are epiphytic bacteria that are wide spread in the natural environment
and play an important role in several industrial and food fermentations. Leuconostoc
mesenteroides is a facultative anaerobe requiring complex growth factors
and amino acids (Reiter and Oram 1982; Garvie 1986).
Breidt, North Carolina State University
Most strains in
liquid culture appear as cocci, occurring singly or in pairs and short
chains, however, morphology can vary with growth conditions; cells
grown in glucose or on solid media may have an elongated or rod shaped
morphology. Cells are Gram positive, asporogenous and non-motile.
A variety of lactic
acid bacteria (LAB), including Leuconostoc species are commonly
found on crop plants (Mundt et al 1967; Mundt 1970). L. mesenteroides is
perhaps the most predominant LAB species found on fruits and vegetables
and is responsible for initiating the sauerkraut and other vegetable
fermentations (Pederson and Albury 1969). L. mesenteroides starter
cultures also used in some dairy and bread dough fermentations (Server-Busson
et al. 1999).
conditions, a heterolactic fermentation is carried out. Glucose and
other hexose sugars are converted to equimolar amount of D-lactate,
ethanol and CO2 via a combination of the hexose monophosphate and pentose
phosphate pathways (Demoss et al 1951; Garvie 1986; Gottschalk 1986).
Other metabolic pathways include conversion of citrate to diacetyl
and acetoin (Cogan et al 1981) and production of dextrans and levan
from sucrose (Alsop 1983; Broker 1977).
produced by L. mesenteroides are widely recognized as causing
product losses and processing problems in the production of sucrose
from sugar cane and sugar beets (Tallgren et al. 1999). The first observation
of the production of polysaccharide "slime" from sugar, dates
to the earliest days of the science of microbiology; Pasteur (1861)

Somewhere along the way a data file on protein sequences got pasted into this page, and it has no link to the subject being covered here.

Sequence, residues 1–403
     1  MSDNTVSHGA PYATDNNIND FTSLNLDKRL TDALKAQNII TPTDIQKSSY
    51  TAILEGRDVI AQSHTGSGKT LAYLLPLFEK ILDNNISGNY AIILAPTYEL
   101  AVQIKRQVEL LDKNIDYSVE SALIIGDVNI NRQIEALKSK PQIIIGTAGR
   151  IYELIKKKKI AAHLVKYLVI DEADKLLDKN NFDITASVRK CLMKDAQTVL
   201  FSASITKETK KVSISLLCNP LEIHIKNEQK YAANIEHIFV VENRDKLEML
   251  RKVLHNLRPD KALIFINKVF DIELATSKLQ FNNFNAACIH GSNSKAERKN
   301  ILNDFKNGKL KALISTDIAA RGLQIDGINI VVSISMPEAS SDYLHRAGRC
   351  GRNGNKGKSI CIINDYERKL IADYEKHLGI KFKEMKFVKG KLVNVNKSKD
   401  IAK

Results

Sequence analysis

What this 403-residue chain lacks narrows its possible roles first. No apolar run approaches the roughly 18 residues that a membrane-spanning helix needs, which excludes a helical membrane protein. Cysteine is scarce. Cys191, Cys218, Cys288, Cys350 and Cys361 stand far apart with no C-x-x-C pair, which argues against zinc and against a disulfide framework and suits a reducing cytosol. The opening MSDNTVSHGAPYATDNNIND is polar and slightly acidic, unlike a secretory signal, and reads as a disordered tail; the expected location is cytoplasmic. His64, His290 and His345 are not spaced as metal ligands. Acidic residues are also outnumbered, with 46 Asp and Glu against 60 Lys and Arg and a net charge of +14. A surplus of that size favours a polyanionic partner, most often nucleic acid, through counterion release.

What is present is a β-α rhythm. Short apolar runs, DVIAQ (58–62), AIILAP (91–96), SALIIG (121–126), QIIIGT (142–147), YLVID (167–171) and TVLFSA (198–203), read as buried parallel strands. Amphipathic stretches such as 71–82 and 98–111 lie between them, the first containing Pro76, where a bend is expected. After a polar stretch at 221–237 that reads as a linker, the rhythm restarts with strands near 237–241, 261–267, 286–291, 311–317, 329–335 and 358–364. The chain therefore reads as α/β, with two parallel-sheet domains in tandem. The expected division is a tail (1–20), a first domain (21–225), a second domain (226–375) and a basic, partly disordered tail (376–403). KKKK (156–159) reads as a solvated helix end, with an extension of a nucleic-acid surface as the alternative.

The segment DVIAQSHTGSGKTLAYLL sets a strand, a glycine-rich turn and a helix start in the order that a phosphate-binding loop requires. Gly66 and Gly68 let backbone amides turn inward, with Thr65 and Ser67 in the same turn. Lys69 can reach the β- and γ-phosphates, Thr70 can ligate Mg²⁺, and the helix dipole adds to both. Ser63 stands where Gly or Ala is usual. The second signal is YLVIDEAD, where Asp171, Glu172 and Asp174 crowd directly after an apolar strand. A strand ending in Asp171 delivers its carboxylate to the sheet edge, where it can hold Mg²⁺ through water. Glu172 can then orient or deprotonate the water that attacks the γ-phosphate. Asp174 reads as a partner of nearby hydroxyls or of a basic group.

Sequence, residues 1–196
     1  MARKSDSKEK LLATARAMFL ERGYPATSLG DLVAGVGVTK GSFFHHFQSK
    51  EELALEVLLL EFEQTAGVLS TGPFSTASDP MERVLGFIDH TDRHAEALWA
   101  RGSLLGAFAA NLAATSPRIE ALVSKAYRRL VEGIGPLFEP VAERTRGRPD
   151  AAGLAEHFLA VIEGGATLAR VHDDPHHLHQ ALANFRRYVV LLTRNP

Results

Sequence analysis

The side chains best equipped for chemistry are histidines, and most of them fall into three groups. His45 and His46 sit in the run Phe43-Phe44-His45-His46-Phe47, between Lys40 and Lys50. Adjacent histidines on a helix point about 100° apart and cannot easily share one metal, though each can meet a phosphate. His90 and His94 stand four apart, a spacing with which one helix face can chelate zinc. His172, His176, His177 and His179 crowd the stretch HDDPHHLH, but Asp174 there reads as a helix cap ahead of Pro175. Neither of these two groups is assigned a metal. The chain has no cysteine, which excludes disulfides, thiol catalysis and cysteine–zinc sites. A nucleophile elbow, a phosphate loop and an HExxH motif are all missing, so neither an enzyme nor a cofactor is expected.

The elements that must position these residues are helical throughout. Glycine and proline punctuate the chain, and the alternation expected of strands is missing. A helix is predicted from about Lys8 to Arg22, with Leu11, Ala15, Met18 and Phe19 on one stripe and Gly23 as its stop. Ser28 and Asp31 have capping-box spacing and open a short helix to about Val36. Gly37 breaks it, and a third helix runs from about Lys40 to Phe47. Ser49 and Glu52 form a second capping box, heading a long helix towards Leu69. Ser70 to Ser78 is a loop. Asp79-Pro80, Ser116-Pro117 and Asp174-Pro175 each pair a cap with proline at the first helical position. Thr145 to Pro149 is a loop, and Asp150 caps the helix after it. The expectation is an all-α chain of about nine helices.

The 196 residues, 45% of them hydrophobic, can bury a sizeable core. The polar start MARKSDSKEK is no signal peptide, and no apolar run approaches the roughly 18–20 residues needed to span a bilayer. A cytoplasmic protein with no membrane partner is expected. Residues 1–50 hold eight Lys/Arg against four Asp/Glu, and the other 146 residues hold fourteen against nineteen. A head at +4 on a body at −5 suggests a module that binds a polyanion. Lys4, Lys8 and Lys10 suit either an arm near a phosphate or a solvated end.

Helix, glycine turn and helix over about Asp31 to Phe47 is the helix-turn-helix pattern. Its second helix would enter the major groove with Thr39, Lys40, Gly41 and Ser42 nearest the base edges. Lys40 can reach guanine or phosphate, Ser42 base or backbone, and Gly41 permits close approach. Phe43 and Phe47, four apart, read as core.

attributed this activity to small cocci, presumably Leuconostoc species.
Commercial production dextrans and levans by L. mesenteroides,
for use in the biochemical and pharmaceutical industry, has been carried
out for more than 50 years (Alsop 1983; Sutherland 1996).
Dextrans are used
in the manufacture of blood plasma extenders, heparin substitutes for
anticoagulant therapy, cosmetics, and other products (Leathers et al
1995; Sutherland 1996; Alsop 1983; Kim and Day 1994). Another use of
dextrans is the manufacture of Sephadex gels or beads, which are widely
used for industrial and laboratory protein separations (Sutherland
1996). Currently, L. mesenteroides has significant roles in
both industrial and food fermentations.
- Alsop, R. M.
1983. Industrial Production of Dextrans. Progress in Industrial
Microbiology., 1-42. ed. M. E. Bushell. New York: Elseiver.
- Broker, B. E.
1977. Ultra structural surface changes associated with dextran synthesis
by Leuconostoc mesenteroides. J. Bacteriol. 131: 288-92
- Cogan, T. M.
1987. Co-metabolism of citrate and glucose by Leuconostoc spp.: effects
on growth, substrates and products. J. Appl. Bacteriol. 63:
- Cogan, T. M.,
M. O'Dowd, and D. Mellerick. 1981. Effects of Sugar on Acetoin Production
from Citrate by Leuconostoc lactis. Appl. Environ. Microbiol.
41, no. 1: 1-8.
- Demoss, R. D.,
R. C. Bard, and I. C. Gunsalus. 1951. The mechanism of heterolactic
fermentation: a new route of ethanol formation. J. Bacteriol.
- Garvie, E. I.
1986. Genus Leuconostoc. Bergey's Manual of Systematic
Bacteriology. eds. P. H. A. Sneath, N. S. Mair, M. E. Sharpe,
and J. G. Holt. Baltimore, MD: The Williams and Wilkins Co.
G. 1986. Bacterial Metabolism. 2nd ed. New York: Springer-Verlag.
- Kim, D., and
D. F. Day. 1994. A new process for the production of clinical dextran
by mixed-culture fermentation of Lipomyces starkeyi and Leuconostoc
mesenteroides. Enzyme Microb. Technol. 16: 844-48.
- Leathers, T.
D., G. T. Hayman, and G. L. Cote. 1995. Rapid Screening of Leuconostoc
mesenteroides Mutants for Elevated Proportions of Alternan to
Dextran. Current Microbiol. 31: 19-22.
- Mundt, J. O.
1970. Lactic Acid Bacteria Associated with Raw Plant Food Material. J.
Milk Food Technol. 33: 550-553.
- Mundt, J. O.,
W. F. Graham, and I. E. McCarty. 1967. Spherical Lactic Acid Producing
Bacteria of Southern-Grown Raw and Processed Vegetables. Appl.
Microbiol. 15: 1303-8.
- Pasteur, L.
1861. Sur la Fermentation Visquese et la Fermentation Butyrique. Bull.
Soc. Chim., Paris 11: 30-31.
- Pederson, C.
S., and M. N. Albury. 1969. The Sauerkraut Fermentation. N.Y. State
Agr. Expt. Sta. (Geneva, N.Y.) Tech. Bull. Bulletin 824.
- Reiter, B.,
and J. D. Oram. 1982. Nutritional Studies on Cheese Starter. 1. Vitamin
and Amino Acid Requirements of Single Strain Starters. J. Dairy
Res. 29: 63-68.
C., C. Foucaud, and J.-Y. Leveau. 1999. Selection of Dairy Leuconostoc
Isolates for Important Technological Properties. J. Dairy Res.
I. W. 1996. Extracellular Polysaccharides. 2nd ed. Biotechnology,
eds. H.-J. Rehm, G. Reed, A. Puhler, and P. Stadler, Vol 6: Products
of Primary Metabolism. New York: VCH.
- Tallgren, A.
H., U. Airaksinen, R. von Weissenberg, H. Ojamo, J. Kuusisto, and
M. Leisola. 1999. Exopolysaccharide-Producing Bacteria from Sugar
Beets. Appl. Environ. Microbiol. 65, no. 2: 862-64.